Finding Light in the Darkness by Lauren Strauss
December 21, 2014
Ruby came into the world on Wednesday.
Before she arrived, her parents knew that at 25 weeks and weighing only 350 grams, Wednesday would be her first and last day on earth.
Her aunt Jennifer, who lives in Virginia, posted in my online knitting group to tell us about Ruby, and to ask a favor of the three members who live in Wisconsin.
“Kristin, Marie, or Judith,” she wrote, “could I ask one of you a HUGE favor? My niece will be born on Wednesday and will not live for more than a few hours. I desperately want to make her a hat, but it would cost $100 to get it there on time. Is there any chance one of you could knit a hat for her and get it to my mom in Brookfield?”
Huge favor or not… Kristin, who lives closest to Brookfield, began knitting immediately, and Judith began a second hat just in case Kristin’s fell through.
I yearn for light at this time of year. It is easy to understand why our forebears lit bonfires and lanterns and candles, and built great devices for measuring the shortest and longest days. What if the light never comes back? What if winter stretches on, never ending, cold and dark and dreary? I turn on lights in these days, and I light candles, and I play holiday music and light a fire in my fireplace because otherwise the sun and I may never rise again.
But in the last few years, even as I acknowledge my craving for light, I note that I am willing to embrace darkness. The winter solstice is a time of introspection—we turn inward toward the shadowy places of our souls and, if we’re ready, we embrace what we find there. Not long ago I feared what I would find. I feared that those shadows would press me down, and even when the days grew longer, I would not be able to ascend.
But what I find when I look deep within, now—is light. Sometimes it’s a tiny, stubborn light barely piercing the darkness—but it is eternal and indomitable. If I had given in to my fear of the darkness within me, this light would have remained hidden. It takes courage to go within and find it, but more and more frequently I’m able to make that journey inward and embrace what I find there—dark and light, both parts of my spirit I cannot, and would not, give up.
The Light in us is Love. When Kristin drove from Milwaukee to Brookfield on Tuesday to bring a tiny hat and scones and a card for the family of a friend she has never met in person— her love was a tenacious light blazing in the darkness. Her light shone for Jennifer, and for Ruby, and for Ruby’s grieving parents. Each of us has that radiance shining within us; if we can be brave enough, we discover our light is strong enough to carry us through all kinds of adversity. When our inner lights seem dim, as they must to Ruby’s mom and dad right now, the love of those around us can be a beacon of hope.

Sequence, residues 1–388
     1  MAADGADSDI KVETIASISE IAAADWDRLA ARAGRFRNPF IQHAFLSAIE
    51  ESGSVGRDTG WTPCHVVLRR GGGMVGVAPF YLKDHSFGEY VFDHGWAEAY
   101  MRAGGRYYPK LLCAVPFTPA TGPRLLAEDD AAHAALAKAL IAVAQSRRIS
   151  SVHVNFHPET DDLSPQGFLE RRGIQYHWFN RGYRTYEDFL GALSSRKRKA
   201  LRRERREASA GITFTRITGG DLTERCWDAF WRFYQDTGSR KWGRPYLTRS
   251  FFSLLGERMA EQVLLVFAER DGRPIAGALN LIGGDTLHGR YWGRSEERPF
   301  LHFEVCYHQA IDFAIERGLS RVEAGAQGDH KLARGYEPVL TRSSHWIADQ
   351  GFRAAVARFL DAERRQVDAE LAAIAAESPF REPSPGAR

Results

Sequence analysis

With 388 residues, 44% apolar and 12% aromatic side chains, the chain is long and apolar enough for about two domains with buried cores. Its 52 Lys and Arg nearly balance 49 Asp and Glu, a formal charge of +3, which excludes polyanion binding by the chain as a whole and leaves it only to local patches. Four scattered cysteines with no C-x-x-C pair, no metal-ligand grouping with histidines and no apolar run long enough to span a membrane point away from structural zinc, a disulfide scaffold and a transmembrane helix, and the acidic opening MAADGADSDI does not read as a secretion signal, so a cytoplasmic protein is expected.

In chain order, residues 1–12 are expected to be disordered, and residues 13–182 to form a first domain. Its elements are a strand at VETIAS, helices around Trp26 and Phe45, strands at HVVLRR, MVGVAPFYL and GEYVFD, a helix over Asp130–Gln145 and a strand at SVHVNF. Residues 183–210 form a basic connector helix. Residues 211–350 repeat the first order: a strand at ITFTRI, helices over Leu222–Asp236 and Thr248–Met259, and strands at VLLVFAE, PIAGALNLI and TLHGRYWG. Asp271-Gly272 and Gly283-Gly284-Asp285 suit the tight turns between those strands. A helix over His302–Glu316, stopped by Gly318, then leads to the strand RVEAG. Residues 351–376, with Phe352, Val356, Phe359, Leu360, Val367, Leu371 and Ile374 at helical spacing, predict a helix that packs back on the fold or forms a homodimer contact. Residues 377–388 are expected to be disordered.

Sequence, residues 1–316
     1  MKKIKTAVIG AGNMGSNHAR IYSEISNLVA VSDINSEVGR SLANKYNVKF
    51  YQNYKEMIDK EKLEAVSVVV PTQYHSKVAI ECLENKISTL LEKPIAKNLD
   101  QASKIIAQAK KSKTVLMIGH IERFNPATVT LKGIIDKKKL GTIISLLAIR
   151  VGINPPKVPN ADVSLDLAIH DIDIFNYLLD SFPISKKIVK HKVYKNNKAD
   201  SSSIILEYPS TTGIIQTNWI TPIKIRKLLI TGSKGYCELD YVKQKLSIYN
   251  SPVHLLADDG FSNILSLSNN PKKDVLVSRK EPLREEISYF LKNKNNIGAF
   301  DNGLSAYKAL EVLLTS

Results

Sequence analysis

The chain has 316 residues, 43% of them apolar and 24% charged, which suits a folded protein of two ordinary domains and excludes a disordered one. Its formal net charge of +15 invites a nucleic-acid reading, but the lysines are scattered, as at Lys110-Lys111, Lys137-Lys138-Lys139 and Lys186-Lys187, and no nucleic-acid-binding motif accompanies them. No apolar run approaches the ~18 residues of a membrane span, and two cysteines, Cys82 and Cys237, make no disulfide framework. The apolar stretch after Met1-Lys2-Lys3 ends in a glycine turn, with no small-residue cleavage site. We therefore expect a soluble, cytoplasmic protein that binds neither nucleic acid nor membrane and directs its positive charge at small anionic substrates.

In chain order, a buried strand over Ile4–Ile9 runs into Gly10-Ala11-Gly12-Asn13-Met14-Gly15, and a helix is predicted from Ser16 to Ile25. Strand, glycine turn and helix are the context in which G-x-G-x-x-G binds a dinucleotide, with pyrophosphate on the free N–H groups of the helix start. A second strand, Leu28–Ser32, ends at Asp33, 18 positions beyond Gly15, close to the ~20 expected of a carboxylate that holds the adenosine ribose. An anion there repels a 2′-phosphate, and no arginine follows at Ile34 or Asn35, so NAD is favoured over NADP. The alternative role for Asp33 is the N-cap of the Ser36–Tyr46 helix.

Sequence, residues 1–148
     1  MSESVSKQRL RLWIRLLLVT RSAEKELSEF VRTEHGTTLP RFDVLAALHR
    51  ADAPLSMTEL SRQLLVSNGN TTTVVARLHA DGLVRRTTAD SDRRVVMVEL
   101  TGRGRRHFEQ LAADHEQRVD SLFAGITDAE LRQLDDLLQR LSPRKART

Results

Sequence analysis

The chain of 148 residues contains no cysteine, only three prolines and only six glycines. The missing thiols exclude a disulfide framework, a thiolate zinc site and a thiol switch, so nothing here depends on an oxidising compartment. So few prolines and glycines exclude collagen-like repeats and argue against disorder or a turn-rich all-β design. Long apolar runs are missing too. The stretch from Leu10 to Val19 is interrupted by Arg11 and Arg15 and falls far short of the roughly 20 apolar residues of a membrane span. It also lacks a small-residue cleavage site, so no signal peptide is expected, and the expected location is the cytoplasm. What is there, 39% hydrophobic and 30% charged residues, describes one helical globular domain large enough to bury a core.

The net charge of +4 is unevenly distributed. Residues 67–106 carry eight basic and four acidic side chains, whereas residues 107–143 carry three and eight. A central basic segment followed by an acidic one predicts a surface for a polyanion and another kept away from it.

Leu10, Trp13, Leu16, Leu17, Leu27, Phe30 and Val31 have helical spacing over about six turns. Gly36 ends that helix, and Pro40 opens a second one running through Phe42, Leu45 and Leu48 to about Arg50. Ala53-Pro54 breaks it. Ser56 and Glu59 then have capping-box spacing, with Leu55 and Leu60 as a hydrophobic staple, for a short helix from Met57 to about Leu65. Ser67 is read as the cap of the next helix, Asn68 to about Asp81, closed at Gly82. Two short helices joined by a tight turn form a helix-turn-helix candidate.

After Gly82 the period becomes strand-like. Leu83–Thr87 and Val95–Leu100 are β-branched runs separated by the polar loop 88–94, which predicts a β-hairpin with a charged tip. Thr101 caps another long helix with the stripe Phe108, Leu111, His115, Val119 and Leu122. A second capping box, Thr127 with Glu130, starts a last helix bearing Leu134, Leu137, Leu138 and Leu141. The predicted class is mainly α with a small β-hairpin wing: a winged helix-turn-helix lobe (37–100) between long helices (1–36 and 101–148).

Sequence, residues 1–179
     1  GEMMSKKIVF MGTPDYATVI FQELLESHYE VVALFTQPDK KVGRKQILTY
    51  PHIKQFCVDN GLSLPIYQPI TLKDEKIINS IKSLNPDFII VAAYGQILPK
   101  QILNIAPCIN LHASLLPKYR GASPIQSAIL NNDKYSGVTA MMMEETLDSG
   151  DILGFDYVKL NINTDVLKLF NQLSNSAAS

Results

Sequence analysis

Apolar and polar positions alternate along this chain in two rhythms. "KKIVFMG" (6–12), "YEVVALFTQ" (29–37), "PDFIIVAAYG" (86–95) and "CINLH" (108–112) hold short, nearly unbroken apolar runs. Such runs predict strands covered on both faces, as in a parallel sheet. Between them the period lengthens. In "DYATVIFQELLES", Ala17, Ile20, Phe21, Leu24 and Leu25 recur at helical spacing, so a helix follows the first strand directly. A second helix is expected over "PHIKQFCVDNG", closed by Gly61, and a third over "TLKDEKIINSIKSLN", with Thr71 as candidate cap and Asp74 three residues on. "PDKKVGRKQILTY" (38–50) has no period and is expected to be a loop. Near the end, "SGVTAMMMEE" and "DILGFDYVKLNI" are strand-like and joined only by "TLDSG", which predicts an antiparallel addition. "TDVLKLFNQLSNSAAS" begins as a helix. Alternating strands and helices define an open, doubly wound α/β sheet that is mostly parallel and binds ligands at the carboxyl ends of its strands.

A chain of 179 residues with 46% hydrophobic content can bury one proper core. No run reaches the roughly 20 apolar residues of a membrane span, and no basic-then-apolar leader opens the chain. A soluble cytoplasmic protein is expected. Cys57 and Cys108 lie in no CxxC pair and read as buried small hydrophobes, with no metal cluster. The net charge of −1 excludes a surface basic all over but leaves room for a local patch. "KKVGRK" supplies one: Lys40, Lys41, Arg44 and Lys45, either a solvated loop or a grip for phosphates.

Turn inward, in winter when the earth’s path takes us far from the sun and shortens our days. Turn inward and embrace your darkness, and discover your light. Let your light shine upon the world, like a prophetic star, or one day’s oil burning for eight nights, or a bonfire lit on the longest night. Blessed Be.
Call To Worship—
Amy Bowden Freedman
Once more, the earth has turned toward the light of the sun.
As we are bathed in the light of a new day,
So may we greet the dawning of fresh possibility.
Once more, we awaken from our slumber.
As our bodies rise
To meet the challenges and pleasures of living,
So may our hearts and minds open with promise.
Once more, we gather for worship.
As we join our voices in word and song,
So may this assembly bring forth wholeness.
Come, let us worship together.
Reading—Rachel Jones – “For So the Children Come”—Sophia Lyon Fahs
For so the children come
And so they have been coming.
Always in the same way they come—
Born of the seed of man and woman.
No angels herald their beginnings
No prophets predict their future courses
No wise men see a star to show
where to find the babe that will save humankind
Yet each night a child is born is a holy night.
Fathers and mothers—sitting beside their children’s cribs—
feel glory in the sight of a new life beginning.
They ask, “Where and how will this new life end?
Or will it ever end?”
Each night a child is born is a holy night—
A time for singing,
A time for wondering,
A time for worshipping.
Lauren: From the beginning of time, human beings have celebrated the Winter Solstice as a promise that sun and warmth will return to the world. All over the world, in every religious tradition, we have lit festive lights to ward off the dark and usher in the light. We lit our Chalice, symbol of our Unitarian Universalist tradition, and throughout our service we will light other lights to honor many of the holidays celebrated at this time of our year.
Tracy: I invite ____________ to place a Yule log on our Solstice hearth.